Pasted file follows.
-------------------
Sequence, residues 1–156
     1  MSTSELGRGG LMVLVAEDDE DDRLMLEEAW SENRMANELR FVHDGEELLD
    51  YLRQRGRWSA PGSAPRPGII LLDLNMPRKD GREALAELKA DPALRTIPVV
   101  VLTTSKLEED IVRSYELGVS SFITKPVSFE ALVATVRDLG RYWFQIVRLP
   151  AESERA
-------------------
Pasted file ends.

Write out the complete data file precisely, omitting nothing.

Sequence, residues 1–156
     1  MSTSELGRGG LMVLVAEDDE DDRLMLEEAW SENRMANELR FVHDGEELLD
    51  YLRQRGRWSA PGSAPRPGII LLDLNMPRKD GREALAELKA DPALRTIPVV
   101  VLTTSKLEED IVRSYELGVS SFITKPVSFE ALVATVRDLG RYWFQIVRLP
   151  AESERA